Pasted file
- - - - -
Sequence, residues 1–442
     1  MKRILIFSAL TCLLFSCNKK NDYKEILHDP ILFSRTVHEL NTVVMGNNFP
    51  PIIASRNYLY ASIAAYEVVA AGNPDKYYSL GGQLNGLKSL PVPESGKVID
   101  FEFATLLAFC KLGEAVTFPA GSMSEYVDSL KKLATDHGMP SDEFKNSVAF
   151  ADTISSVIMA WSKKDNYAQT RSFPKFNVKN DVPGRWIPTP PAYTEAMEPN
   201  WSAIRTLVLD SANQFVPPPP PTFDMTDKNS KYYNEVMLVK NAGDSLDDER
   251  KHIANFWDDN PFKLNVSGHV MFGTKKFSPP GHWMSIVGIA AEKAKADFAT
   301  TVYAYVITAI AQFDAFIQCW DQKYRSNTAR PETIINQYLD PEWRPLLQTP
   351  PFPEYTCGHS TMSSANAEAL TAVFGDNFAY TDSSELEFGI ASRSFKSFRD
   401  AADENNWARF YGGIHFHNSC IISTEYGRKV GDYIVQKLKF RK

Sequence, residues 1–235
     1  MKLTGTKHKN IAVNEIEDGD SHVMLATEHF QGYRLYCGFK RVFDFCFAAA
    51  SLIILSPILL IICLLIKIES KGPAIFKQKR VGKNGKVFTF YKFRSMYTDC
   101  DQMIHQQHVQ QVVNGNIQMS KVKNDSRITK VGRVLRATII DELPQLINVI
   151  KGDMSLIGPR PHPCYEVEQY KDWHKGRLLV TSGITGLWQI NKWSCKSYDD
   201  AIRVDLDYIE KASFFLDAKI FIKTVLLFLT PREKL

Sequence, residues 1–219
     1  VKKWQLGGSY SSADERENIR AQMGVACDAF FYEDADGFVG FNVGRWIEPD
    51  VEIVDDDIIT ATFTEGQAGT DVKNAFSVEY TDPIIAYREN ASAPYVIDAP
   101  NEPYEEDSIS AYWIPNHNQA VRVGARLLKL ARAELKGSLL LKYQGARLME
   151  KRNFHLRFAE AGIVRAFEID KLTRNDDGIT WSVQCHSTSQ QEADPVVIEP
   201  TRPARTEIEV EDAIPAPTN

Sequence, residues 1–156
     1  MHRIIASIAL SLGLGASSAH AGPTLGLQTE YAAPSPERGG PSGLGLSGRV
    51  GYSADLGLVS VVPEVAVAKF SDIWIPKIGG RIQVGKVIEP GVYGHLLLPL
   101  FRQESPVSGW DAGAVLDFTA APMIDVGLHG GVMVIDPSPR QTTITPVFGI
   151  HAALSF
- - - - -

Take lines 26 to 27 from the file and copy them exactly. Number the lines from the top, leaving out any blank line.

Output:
   101  FRQESPVSGW DAGAVLDFTA APMIDVGLHG GVMVIDPSPR QTTITPVFGI
   151  HAALSF